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     Every infant is an active learner. While it may seem that many of the actions your infant engages in during the day are random and spontaneous, the fact of the matter is that virtually every movement and sound has a purpose that contributes to her understanding of the world.

     Through clinching, biting, grasping, turning, babbling and bubbling, your infant is experimenting with all the resources at her disposal--using her body and its immediate surroundings to find out how things work internally and externally. Your infant thinks, but thinks with her body.

     Provide him/her with things she can grasp, roll around, push into, hit at, caress, and, in other ways, interact with. Talk and sing to her frequently and respond to her own babbling with appropriate noises of your own. The sound of your voice provides important modeling for future language acquisition.

     Hold him/her frequently and play "pat a cake" and other fun games that help develop him/her sensory motor awareness. Provide her with a range of new experiences everyday. In this way, you'll be helping her do what she does naturally--actively learn about the nature of life.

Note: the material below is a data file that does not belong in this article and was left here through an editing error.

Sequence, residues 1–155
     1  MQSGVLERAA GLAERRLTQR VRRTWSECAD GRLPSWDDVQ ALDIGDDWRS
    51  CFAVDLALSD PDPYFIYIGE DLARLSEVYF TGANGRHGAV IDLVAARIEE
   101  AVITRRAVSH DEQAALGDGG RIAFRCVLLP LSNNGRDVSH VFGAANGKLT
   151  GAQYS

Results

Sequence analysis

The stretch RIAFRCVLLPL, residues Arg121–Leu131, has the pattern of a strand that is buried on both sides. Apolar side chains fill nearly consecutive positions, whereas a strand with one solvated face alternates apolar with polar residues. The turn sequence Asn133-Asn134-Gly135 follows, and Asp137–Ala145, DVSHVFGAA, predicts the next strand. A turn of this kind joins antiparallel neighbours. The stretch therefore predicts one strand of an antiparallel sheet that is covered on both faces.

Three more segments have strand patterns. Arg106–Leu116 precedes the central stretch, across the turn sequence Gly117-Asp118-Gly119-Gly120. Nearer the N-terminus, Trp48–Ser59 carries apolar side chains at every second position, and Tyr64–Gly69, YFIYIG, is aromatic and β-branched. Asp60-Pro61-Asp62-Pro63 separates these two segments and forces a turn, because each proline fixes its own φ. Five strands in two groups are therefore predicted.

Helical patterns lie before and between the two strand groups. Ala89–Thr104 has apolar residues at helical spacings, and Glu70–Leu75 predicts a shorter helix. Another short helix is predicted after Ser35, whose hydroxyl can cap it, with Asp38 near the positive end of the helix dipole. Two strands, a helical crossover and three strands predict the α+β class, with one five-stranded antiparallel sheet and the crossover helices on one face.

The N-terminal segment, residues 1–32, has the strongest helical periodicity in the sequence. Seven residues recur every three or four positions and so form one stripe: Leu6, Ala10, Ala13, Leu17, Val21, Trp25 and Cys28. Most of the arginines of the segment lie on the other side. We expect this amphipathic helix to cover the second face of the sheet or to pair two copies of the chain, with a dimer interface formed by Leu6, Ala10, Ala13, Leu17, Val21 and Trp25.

During the first year of life, a baby goes through a series of stages of physical coordination that won't be repeated. It is fascinating to watch this human development, this urge to be upright, to stand, to walk. It is a strong and exciting human urge that defies almost any attempt to stop it.

* Physical development in infants in general works from top to toe. First there's control of the head, then the trunk (sitting up), the body (standing), and finally, the legs (walking).

* It's common for a child to pull up to a standing position and then cry because he or she is unable to return to the sitting position. It's a frustration that lasts about three weeks until a child learns to drop. So don't get angry over having to help out repeatedly during this period, it will pass.

* You can help your baby walk by holding the baby's torso, rather than the arms or legs for support. Encourage walking in an area where the floors are not slippery or too hard for falls.

* Do take the time to mark these milestones on a calendar, a journal, or in a baby book. These wonderful, unforgettable events can all too soon be forgotten.

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